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J201 Midterm 2 Study GuideSitcomsmain facts about trends in history of sitcom: 50’s: ethnic and middle class sitcoms (initially on the radio)-focused on east coast audience who were primary buyers of TV sets-Beulah (1950-1953): only show to feature African Americans. Hattie McDaniel played role of maid to white family 60’s: not path-breaking, partly because TV had not caught up with changing values inreal life (civil rights, women’s liberation, anti-war)-5 types: family, rural, goofy, occult, military-Family: Leave it to Beaver, Adventures of Ozzie and Harriet, Dick Van Dyke Show (most popular; 1961-1966; set in suburban NY; feat. successful media person-Rural: CBS was network associated with this drama-The Big Three Rural: Paul Henning guiding force; mastermind of Big 3-Beverly Hillbillies (1962-1971): most popular; seen by 60 mill in 1st 2 seasons-Petticoat Junction (1963-1970): set in Hooterville-Green Acres (1965-1971): featured a NY lawyer (Eddie Arnold) and his wife who relocated to Hooterville-Rural sitcoms operated with social contradicting-Classic operations between slick, over-smart city types and down to earth wise farm characters -Goofy: light hearted-Gilligan’s Island (1964-1967): staple for the boomer generation-Get Smart (1965-1970): spoof on James Bond type shows-Occult: a way to express something that cannot be expressed. Thus, science fiction often expresses the impossible-Bewitched (1964-1972)-The Addams Family (1964-1966)-The Munsters (1964-1966)-Military: most popular WWII themed sitcom was Hogan’s Heroes (1965-1971)-comedy set among a group of allied prisoners of war in Nazi prison camp70’s: Revolution of sitcoms-Brady Bunch premiered (1969-1974): only notable new show-Norman Lear turned out to be most successful sitcom producer of the decade; Maude, Golden Girls, and the Jeffersons-MTM 2nd major show of 70s was about women; Rhonda (1974-1978)-ABC: focused directly in entertainment -Brady Bunch followed by Happy Days (1973-1984), show about teens in the 50s-spin-off called Shirley and Laverne (1975-1980)-NBC: different “light” shows-Different Strokes (1978-1986): white father adopts 2 black kids-MASH (1972-1983): last of “quality” sitcoms; based on 1970 film by Robert Altman; set in Korean war that featured an iconoclastic medical unit that saw thought the pretense of warmongering-finale was the highest rated television broadcast ever (60 million viewers)80’s to present-seasons began in 1982-1983 with Cheers (1982-1993) and Family Ties (1982-1989), family sitcoms prospered (Growing Pains, Full House, Home Improvement, Mad About You, etc)-race and gender of 80’s to present: The Cosby Show (gender), feminist sitcom Murphy Brown, Rosanne (working class woman)Television -VHF: very high frequency-UHF: ultra high frequency-1951: 1.5 million TV sets, 1st broadcast transcontinental -1952: 14-69 channels set aside for TV-1954: advertising revolution surpasses radio-Zworkin: invented the TV camera tube-Farnsworth: designed the “image dissector” TV (1992)-transmitted the first televised picture in 1927-Nielsen: does audience research to measure viewership-2 important statistics measured from this: rating and share.-rating: how many households are viewing a program -share: % of TV sets in use during a given program-Ex: 900/1000 households had TV sets on, 200 are watching CSI. share is 90, rating is 20. -Highest Ratings: MASH (60), Dallas, Fugitive, Cheers, Seinfeld, Survivor -Maxwell: discovered existence of radio waves-Hertz: tested Maxwell’s theory by using electrical sparks to emit electromagnetic waves-RCA broadcasts experimental TV image “Felix the Cat” (1931)-structure in the US: stations are either independent or network affiliates-independent: no affiliated with any broadcast network-affiliates: are affiliated with a broadcast network-Occasional production by networks (ABC, NBC, CBS, Fox, CW) and local stations-Most content produced by 4 major networks:-4 Major Networks: Time Warner, Viacom, NBC, Disney-2/3 of approximately 1,100 stations in the country are affiliated to one of the 4-Benefits of Networks: free programming, receive a fee from network, larger audience which results in higher advertising rates-Disadvantages of Networks: cable providers (eg: Comcast) get its content from broadcast networks (CBS), cable networks (ESPN), superstations (WTBS), and premium channels (HBO)-1967 president Lyndon Johnson set up the corporation of public broadcasting-CPB initiated creation of PBS 1969 and the National Public Radio 1970-CPB is responsible for almost 20% of the funding that runs public broadcasting stations-Superstations: TV station that broadcasts widely via cable or satellite Deficit production/financing: production company leases show to a network for a license fee that is less than the cost of production Syndication: sale of the right to broadcast programs without going through a network eg. Seinfeld-First-run: any non-network program specifically produced for sale only intosyndication markets eg. Jeopardy, Oprah-Off-net: when older programs no longer run during prime time eg. Everybody Love’s RaymondPremium channels: subscription based television services (Movie channels, sports channels, CMT, etc.)Media Economics-commodities: good or service produced for the purpose of exchange-markets: questions place, people, abstractions-industries: the aggregate of productive activity in a particular field. Media industries broadly or video game industry specifically-conglomerates: combination of corporations operating under a single ‘parent’ company-oligopoly: few firms dominate a market-monopoly: one firm-duopoly: two firms-limited competition: many buyers and sellers, but they only have a few products-synergy: the promotion and sale of different versions of a media product across a conglomerates various subsidiaries. Eg: Mario- movie, video game, figures, etc.-Big 5 conglomerates: new corporation, Disney, time warner, Comcast/GE, Viacom/CBS-CBS and Viacom: owned privately by National Amusements, which is owned by the Redstone Family, therefore the Redstone family controls Viacom/CBS-intellectual property: the core commodity for the conglomerates. This can be exploited across various subsidiaries and licensed to other companies for additional income-critiques of media concentration: limits the range of perspectives, susceptible to corruption, increased lobbying power, profit motives instead of public need,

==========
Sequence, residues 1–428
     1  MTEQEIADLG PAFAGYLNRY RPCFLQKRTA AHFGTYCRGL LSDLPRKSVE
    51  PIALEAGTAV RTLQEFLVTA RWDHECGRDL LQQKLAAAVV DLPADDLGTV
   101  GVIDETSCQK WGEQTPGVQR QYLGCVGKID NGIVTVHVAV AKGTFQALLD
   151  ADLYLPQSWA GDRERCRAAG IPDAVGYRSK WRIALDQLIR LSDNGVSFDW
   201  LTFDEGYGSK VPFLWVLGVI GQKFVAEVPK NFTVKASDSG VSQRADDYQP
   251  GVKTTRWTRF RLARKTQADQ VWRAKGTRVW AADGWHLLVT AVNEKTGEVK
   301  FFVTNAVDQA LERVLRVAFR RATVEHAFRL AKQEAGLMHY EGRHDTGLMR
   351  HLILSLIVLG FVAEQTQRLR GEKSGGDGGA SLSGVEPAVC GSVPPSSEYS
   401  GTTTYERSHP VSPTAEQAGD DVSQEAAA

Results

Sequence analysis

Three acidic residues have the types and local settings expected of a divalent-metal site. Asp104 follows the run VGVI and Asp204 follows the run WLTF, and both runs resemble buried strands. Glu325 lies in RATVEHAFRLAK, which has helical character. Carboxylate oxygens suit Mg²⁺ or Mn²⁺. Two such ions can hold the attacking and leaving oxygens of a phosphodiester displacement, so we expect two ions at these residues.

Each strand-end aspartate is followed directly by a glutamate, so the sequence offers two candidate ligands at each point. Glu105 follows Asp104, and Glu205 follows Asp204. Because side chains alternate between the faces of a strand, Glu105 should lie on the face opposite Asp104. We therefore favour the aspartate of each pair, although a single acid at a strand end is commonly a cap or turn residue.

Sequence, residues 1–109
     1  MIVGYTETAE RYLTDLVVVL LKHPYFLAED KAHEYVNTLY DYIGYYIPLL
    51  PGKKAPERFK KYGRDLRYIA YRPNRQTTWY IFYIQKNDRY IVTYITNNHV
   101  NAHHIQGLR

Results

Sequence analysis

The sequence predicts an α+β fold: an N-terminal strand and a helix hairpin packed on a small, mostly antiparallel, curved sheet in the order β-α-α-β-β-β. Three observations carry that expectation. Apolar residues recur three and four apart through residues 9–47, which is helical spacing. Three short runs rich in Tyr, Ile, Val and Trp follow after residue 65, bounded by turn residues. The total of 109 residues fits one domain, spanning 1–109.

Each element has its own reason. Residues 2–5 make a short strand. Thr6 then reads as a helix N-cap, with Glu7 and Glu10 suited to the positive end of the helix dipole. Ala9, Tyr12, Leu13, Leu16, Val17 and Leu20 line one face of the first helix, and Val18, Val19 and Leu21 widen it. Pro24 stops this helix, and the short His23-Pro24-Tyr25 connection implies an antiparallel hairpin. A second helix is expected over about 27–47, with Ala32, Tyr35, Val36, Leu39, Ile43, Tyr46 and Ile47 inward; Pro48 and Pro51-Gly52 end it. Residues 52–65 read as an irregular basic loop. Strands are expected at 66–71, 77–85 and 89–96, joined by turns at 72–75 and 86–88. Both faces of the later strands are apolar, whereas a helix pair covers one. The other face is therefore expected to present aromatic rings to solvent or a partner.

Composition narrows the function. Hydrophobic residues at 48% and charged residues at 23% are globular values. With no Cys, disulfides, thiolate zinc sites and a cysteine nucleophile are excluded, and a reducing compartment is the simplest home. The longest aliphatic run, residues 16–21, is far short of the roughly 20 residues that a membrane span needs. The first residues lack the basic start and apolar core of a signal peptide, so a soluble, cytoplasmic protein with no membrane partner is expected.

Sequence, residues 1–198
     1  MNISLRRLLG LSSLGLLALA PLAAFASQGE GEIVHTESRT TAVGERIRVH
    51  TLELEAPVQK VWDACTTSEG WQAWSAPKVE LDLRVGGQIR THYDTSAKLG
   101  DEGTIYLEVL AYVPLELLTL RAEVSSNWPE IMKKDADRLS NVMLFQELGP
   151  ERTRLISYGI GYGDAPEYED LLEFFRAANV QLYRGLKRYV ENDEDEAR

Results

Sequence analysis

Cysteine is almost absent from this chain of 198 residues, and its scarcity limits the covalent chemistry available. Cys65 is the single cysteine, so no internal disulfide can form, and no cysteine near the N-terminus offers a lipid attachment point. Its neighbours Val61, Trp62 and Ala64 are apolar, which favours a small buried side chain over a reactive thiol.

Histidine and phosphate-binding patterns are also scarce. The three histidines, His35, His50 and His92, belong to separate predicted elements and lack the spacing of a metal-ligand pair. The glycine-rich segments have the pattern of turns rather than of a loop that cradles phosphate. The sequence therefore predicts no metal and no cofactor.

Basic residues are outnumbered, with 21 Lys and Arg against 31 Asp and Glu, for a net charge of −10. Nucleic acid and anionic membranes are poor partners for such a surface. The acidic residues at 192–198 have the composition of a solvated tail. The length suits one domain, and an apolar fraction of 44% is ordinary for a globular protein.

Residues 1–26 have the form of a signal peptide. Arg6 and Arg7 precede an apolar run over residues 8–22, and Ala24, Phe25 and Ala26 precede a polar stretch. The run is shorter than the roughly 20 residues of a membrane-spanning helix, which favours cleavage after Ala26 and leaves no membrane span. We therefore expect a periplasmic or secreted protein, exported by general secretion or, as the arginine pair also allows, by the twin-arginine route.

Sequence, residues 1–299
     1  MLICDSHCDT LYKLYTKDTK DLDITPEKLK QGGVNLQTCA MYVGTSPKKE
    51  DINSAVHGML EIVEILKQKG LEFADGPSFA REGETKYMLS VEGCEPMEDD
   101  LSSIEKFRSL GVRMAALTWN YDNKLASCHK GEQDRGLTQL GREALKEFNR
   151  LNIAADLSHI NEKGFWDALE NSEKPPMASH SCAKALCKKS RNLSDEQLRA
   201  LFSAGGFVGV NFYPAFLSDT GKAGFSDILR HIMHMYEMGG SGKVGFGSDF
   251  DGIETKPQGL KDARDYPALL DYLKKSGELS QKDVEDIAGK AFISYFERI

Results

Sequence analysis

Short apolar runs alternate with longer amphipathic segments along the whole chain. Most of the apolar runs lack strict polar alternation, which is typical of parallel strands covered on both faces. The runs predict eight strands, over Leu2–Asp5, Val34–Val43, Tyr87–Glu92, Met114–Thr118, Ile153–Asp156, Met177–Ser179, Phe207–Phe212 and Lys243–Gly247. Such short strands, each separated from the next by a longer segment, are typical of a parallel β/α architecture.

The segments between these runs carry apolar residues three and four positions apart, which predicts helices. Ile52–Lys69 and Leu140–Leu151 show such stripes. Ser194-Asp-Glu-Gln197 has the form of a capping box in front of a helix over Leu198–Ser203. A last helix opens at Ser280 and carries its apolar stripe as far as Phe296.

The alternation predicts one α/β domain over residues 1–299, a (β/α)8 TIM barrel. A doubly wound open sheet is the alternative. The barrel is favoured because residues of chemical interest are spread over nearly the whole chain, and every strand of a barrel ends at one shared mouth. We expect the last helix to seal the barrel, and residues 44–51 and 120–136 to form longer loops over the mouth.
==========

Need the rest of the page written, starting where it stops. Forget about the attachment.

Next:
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UO J 201 - Midterm 2